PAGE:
Subject: Re: software patents are (almost) good
From: Thomas Lord <>
Date: Thu, 03 Jul 2008 19:50:40 -0700

Stephen J. Turnbull wrote:
> As far as I can see, as long as the device is actually a ROM, or
> otherwise "software compiled to silicon," and source is distributed
> with the device, you can't charge rent under either the GPL or the
> OSL.  Neither one requires that users be able to modify the instance
> of program that they are actually using, only that they be able to
> copy, study, modify, and redistribute some instance of the program.

Nudge nudge to Mr. Rosen if he cares to give a professional opinion but
mine is along these lines:

If you're selling ROMs as a mechanism of distribution well, then,
bully for you.   If you're selling a device incorporating such ROM's
in a non-generic way, bully for me.   In fact, I can see (imo) how
your all-but-the-ROMs-included device, designed for the ROMs in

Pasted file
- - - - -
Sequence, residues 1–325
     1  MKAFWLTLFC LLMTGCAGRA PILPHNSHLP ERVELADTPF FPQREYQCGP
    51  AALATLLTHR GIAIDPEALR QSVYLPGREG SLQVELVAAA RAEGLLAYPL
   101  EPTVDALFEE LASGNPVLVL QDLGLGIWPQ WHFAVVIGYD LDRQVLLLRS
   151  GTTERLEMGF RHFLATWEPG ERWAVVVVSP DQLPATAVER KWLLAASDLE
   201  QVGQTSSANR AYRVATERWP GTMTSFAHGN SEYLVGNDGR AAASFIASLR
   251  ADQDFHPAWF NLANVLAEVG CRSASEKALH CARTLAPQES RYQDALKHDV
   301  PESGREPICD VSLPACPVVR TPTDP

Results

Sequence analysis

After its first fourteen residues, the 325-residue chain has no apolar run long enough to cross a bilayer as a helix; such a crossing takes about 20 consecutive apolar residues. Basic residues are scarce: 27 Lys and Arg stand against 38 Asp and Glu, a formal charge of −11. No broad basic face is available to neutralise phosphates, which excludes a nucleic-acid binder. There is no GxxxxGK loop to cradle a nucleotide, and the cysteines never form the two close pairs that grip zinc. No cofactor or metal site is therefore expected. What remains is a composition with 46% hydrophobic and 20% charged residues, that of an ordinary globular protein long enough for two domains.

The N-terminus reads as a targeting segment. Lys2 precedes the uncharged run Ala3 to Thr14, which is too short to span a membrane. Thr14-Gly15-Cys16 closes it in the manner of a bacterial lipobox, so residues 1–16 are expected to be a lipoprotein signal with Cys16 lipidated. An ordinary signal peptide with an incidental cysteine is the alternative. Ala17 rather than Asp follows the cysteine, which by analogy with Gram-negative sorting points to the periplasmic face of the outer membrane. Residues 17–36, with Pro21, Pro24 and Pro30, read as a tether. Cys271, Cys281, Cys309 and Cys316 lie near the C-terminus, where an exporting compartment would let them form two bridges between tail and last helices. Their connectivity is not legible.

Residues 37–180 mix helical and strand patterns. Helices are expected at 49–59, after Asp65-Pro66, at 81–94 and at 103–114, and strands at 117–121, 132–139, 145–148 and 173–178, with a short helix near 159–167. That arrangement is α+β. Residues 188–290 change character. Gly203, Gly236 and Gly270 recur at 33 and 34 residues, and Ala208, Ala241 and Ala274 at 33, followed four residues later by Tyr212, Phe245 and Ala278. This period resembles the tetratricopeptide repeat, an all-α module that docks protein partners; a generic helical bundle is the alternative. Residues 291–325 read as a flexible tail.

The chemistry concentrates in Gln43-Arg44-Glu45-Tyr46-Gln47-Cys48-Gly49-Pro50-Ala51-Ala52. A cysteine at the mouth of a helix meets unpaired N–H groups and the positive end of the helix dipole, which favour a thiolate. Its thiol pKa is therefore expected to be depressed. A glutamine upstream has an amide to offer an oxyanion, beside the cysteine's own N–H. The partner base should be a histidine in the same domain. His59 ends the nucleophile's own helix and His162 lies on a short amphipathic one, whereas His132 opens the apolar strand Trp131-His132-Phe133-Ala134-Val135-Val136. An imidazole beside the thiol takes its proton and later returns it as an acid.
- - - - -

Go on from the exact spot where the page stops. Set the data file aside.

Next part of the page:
question, would infringe in a contributory way.   

How did Mr. Rosen put it on this list some time back -- along the lines
of of "you plunk down on  the table, on one side, the patent and on the
other side the device -- then you ask 'hey, judge, does *this* (point to
device) practice *that* (point to patent)?"   Makes a lot of sense.   The
market for app-specific devices is huge for many software innovations
and it basically doesn't touch much on the four freedoms to keep those
as exclusionary.

I think there's also some room in business model patents related to
software, too, especially around web services.

>  > Rather, lobby for or argue in court that the practice of the four
>  > freedoms as characterized by OSL should not be recognized as
>  > making, using, selling, or offering to sell in the ways that can be
>  > excluded by patent protection.
> I suppose this would have to be done by legislation; there is no fair
> use or personal use concept in patent law AFAIK.

Like I say, I think it can happen sans legislation.   You don't need
"fair use" -- it's not about that.   It's about freedom of expression and
privacy.  But, yeah, some simple legislation could avoid having to make
that case before SCOTUS even if in my theory such legislation would
be redundant.